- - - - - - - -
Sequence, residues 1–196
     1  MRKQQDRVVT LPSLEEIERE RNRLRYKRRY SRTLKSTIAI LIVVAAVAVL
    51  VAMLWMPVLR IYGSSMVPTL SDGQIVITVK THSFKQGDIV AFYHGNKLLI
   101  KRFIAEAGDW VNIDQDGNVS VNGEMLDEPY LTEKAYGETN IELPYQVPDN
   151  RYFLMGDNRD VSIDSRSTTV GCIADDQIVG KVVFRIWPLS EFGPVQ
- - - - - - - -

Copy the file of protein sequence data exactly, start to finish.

Sequence, residues 1–196
     1  MRKQQDRVVT LPSLEEIERE RNRLRYKRRY SRTLKSTIAI LIVVAAVAVL
    51  VAMLWMPVLR IYGSSMVPTL SDGQIVITVK THSFKQGDIV AFYHGNKLLI
   101  KRFIAEAGDW VNIDQDGNVS VNGEMLDEPY LTEKAYGETN IELPYQVPDN
   151  RYFLMGDNRD VSIDSRSTTV GCIADDQIVG KVVFRIWPLS EFGPVQ